“It took two years and media attention for the police to even look at this case with any seriousness. This highlights a culture in which victims are not taken seriously.”
Justice Minister Amy Adams said she had not read the report yet but anything to be learned from it would be taken seriously and feed in to ongoing work on how sexual assault victims were treated within the system and how it responded to them.
“Clearly one of the issues the system has to be set up well to deal with is to encourage victims to come forward and to feel supported through the system when they do.
“That’s not a new issue. It’s an issue we continue to work with. Partly you have to take into account the very fragile nature of the victims and the tremendous trauma they’ve been through.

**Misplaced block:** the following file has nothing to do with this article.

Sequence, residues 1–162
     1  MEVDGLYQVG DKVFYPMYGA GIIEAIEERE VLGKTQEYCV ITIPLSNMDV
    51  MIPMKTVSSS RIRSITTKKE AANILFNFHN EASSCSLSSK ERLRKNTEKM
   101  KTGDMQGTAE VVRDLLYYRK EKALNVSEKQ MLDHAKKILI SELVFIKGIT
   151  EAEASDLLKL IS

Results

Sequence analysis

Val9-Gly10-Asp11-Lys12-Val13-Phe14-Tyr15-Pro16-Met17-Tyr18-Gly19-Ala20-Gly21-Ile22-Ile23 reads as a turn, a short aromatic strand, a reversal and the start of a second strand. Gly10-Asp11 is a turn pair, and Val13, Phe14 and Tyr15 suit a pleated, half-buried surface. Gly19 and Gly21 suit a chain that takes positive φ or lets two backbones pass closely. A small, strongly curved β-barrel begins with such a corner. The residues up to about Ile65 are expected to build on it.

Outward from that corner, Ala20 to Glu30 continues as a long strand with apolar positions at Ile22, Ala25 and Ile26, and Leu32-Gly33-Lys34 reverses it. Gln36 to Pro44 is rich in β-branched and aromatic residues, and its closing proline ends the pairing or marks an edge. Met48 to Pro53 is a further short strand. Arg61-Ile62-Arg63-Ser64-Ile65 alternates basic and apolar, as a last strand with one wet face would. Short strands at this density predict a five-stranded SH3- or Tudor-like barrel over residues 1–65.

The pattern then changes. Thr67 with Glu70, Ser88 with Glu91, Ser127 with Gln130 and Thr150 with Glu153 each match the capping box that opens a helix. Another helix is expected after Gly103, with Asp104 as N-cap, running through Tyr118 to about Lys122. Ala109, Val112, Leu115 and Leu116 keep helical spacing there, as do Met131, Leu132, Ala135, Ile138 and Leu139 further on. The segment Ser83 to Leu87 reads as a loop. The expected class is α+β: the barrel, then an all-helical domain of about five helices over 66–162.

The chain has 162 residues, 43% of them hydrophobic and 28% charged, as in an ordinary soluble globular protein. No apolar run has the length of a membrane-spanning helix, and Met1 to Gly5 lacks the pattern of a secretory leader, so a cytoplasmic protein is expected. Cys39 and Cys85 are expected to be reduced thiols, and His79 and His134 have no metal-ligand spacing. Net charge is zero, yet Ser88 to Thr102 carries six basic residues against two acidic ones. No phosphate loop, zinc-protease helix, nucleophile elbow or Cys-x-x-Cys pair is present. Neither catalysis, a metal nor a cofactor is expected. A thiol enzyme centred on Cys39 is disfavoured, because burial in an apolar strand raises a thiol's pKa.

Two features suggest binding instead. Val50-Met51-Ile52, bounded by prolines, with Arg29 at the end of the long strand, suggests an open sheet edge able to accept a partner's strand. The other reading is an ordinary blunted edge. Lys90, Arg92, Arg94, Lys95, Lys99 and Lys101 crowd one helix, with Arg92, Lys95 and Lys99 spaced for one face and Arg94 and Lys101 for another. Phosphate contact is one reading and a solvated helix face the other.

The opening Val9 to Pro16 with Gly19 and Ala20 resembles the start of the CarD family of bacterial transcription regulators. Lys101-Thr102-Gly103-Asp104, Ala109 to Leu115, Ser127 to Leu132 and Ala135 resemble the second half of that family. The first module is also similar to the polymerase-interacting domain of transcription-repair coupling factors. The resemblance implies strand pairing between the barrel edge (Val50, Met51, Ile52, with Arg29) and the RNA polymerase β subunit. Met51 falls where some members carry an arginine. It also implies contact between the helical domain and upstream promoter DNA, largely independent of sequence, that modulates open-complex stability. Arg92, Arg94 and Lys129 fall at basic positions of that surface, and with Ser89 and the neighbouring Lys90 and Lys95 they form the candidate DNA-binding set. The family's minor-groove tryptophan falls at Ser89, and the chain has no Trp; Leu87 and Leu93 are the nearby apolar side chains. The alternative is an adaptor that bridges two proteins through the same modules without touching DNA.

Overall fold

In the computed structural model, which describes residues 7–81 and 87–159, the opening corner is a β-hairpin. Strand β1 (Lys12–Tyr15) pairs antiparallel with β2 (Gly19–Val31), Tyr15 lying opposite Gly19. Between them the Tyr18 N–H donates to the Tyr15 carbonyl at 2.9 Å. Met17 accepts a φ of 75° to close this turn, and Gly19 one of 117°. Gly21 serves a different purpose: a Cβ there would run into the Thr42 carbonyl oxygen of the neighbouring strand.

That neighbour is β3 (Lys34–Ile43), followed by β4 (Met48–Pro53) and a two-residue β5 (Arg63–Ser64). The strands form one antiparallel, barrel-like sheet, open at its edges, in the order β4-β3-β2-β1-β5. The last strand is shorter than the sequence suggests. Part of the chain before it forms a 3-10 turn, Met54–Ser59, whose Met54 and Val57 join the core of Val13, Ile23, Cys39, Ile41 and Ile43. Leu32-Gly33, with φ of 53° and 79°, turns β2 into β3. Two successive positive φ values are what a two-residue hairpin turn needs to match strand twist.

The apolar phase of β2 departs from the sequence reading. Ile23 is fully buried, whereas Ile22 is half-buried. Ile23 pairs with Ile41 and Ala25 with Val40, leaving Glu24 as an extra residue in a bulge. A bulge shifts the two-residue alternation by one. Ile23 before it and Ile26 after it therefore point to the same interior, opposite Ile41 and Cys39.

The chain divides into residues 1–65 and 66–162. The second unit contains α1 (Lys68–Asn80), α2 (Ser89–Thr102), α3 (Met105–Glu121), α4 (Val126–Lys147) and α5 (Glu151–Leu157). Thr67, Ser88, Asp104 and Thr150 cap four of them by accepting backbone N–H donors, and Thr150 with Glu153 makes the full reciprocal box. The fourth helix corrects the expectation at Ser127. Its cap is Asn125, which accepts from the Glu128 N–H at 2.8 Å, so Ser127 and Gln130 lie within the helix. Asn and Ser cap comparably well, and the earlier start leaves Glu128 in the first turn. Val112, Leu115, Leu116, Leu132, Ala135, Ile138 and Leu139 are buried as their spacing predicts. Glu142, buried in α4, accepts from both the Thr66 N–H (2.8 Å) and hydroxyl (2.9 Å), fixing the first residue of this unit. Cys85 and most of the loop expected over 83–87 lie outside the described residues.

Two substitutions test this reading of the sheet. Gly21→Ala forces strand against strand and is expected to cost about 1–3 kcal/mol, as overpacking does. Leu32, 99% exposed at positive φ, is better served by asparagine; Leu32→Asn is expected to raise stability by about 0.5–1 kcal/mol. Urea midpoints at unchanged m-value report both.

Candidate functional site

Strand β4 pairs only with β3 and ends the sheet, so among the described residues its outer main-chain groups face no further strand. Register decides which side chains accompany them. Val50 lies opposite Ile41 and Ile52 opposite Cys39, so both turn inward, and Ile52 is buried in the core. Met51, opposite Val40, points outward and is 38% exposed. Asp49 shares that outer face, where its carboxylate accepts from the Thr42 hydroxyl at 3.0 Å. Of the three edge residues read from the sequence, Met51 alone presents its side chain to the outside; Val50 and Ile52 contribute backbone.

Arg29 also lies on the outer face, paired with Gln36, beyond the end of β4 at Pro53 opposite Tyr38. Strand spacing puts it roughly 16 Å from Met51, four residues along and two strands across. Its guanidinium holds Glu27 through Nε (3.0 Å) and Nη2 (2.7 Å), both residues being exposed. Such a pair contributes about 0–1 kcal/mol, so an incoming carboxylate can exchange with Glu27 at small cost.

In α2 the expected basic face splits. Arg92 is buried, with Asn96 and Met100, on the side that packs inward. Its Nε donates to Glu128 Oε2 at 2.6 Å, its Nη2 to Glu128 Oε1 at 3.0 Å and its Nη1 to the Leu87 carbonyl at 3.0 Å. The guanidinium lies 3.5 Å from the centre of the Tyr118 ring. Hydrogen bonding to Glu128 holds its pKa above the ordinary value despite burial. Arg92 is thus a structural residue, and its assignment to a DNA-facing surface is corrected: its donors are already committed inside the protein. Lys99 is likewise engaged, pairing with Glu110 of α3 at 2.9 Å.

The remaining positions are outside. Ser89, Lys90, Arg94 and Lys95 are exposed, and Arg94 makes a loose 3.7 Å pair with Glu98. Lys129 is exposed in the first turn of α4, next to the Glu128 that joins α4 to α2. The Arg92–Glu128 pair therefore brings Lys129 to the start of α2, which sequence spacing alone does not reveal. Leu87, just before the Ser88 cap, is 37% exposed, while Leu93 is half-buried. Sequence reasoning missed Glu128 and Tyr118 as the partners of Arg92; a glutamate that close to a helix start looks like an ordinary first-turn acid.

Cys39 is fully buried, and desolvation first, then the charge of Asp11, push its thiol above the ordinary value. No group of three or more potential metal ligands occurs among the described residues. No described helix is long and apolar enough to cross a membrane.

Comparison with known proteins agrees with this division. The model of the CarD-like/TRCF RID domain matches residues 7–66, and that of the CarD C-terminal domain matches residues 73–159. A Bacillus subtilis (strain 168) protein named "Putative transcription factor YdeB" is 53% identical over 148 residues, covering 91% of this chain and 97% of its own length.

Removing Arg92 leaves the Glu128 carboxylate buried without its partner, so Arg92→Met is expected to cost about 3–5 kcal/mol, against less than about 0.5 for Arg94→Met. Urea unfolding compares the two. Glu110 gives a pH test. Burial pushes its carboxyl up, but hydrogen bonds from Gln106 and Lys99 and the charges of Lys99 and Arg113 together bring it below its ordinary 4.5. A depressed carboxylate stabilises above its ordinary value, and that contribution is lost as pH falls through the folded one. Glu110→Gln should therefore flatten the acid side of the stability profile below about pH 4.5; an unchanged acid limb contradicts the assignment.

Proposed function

“That puts them into a more vulnerable state in terms of their willingness to come through and how they will be affected by any perceived negative response or disbelief, if that is what they encounter.”
She said there was a balancing act between protecting victims and ensuring the evidence was assessed fully so that only the guilty were convicted.
Calls for such cases to be handled under a non-adversarial system would not necessarily have meant a different result.
“In terms of the current report, the initial media reports suggests the issue was one of the evidence the police had to prosecute.
“Fundamentally you have to have a system where we can be assured the evidence is there to support a prosecution … There would always have to be an standard of proof, an evidential burden that had to be met, and changing from one system to another isn’t necessarily going to address the challenges met in this case.”
Labour’s acting deputy leader Annette King said she was concerned the mishandling of the case and outcome would put victims off reporting sexual crimes.